Follow my blog with Bloglovin

It is natural in relationships with our children on some occasions what they do or say something which we feel strongly positive – appreciation, happiness, delight, or pleasure. In these times it’s helpful to share with your children how you are feeling. There is one effective way of conveying how you are feeling. It is positive I-messages. It’s an alternative form of praising.

Using positive I-messages by parents is a way of expressing your feelings, expectations, concerns, and your appreciation to your children in the most acceptable way that doesn’t cause any discomfort to them.

It conveys what’s going on inside you.

I feel proud when I see you complete homework quickly.

I enjoyed so much when I saw you playing in school today

I’m pleased when you got the scooter repaired last night.

I-messages communicate about parents’ feelings; it’s our positive response’s that evokes a feel-good factor in children about their behavior and their skills. It works as a verbal quick fix to connect with parents.

I-messages help parents get an idea about their inner feelings when communicated to the children. 

I-messages convey to a child to see in their parents’ communication, an honest and genuine concern to encourage and appreciate their efforts.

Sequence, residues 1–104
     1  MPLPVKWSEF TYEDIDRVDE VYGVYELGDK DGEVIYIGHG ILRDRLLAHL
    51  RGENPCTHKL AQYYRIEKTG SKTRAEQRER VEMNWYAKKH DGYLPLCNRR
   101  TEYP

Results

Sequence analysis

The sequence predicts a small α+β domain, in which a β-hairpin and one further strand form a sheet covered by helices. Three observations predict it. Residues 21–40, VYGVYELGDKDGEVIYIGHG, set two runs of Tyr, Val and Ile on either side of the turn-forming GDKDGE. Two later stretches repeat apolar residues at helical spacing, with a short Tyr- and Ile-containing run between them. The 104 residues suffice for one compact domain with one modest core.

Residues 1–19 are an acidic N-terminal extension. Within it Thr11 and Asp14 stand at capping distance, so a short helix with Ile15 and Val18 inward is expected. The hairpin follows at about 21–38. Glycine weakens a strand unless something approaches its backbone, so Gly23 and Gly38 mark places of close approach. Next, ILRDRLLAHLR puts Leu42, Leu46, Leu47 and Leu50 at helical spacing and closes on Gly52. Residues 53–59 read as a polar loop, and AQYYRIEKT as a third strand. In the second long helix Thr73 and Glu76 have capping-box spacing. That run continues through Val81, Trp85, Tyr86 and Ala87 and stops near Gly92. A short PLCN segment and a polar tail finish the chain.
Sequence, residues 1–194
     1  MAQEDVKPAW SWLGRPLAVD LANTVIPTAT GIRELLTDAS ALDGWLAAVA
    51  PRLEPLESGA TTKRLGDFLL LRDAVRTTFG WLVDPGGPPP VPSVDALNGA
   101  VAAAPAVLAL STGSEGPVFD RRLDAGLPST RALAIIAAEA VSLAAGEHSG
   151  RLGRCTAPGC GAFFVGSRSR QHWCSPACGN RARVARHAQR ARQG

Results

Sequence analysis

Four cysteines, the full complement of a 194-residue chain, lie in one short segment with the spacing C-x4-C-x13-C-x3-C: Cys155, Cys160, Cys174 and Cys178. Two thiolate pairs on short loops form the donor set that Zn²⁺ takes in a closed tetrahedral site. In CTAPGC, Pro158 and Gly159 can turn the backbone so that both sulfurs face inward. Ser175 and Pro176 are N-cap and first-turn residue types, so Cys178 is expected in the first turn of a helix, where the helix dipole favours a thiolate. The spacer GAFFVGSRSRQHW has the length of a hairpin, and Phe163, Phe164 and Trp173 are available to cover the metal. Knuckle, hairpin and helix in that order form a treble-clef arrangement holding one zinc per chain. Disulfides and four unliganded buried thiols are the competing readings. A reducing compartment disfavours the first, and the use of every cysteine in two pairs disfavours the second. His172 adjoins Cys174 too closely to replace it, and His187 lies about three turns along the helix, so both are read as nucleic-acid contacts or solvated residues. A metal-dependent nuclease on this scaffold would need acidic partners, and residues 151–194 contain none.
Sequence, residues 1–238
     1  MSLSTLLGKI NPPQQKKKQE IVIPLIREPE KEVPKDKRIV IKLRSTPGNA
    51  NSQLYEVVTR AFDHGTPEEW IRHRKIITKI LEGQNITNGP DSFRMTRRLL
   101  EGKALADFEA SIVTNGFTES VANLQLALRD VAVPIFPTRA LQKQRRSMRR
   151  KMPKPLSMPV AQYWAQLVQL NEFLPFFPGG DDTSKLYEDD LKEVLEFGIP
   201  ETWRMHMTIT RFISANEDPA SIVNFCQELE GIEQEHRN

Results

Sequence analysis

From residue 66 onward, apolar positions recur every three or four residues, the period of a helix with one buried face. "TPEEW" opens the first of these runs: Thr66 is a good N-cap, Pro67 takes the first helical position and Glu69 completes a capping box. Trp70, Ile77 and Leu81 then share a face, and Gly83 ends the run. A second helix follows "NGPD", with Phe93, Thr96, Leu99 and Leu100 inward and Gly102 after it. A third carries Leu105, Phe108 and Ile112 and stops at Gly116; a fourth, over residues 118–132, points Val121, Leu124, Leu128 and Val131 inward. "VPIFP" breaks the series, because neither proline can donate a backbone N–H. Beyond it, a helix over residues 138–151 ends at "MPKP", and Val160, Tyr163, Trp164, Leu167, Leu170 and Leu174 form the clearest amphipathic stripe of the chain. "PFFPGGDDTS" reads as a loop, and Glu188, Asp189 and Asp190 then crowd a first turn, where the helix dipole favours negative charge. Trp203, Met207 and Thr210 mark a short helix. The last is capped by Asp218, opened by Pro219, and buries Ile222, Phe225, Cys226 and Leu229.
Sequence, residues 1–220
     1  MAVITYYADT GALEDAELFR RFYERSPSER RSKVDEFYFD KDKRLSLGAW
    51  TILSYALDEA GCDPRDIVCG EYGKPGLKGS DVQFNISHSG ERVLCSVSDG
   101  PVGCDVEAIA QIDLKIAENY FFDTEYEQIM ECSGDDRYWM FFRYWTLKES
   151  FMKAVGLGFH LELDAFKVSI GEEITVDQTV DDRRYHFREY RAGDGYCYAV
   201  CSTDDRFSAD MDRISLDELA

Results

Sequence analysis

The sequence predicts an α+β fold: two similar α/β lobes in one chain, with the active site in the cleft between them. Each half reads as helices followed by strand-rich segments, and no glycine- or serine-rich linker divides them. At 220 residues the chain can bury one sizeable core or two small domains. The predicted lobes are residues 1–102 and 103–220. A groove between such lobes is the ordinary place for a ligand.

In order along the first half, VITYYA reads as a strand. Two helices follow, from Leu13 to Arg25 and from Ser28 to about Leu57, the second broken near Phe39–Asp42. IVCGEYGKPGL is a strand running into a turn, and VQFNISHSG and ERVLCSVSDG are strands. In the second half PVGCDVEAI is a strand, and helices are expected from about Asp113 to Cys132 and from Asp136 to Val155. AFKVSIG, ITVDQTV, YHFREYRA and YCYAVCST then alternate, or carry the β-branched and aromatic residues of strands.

There are two important benefits of I-messages that come out of communication between a parent and child.

A child begins to think about working on his own, increases trust and a sense of connection with the parents.

This small talk which is non-evaluative, non-judgmental provides children the opportunity for a small increment of self-esteem, self-awareness – towards self-responsibility, towards being less dependent on the parent, and he attempts to solve his problems. 

I-messages are a ‘change communication agent’ to convey our pride, appreciation, our warm concern, our genuine love to our children. They would be our true feelings not intending to control them or influence them, but it carries an element of ‘feel good bonus’ to children. 

Parents need to learn that being transparent in a relationship with the child fosters honesty and intimacy and openness – which form the foundation to any human relationship.

Leave a Reply

Your email address will not be published. Required fields are marked *

This site uses Akismet to reduce spam. Learn how your comment data is processed.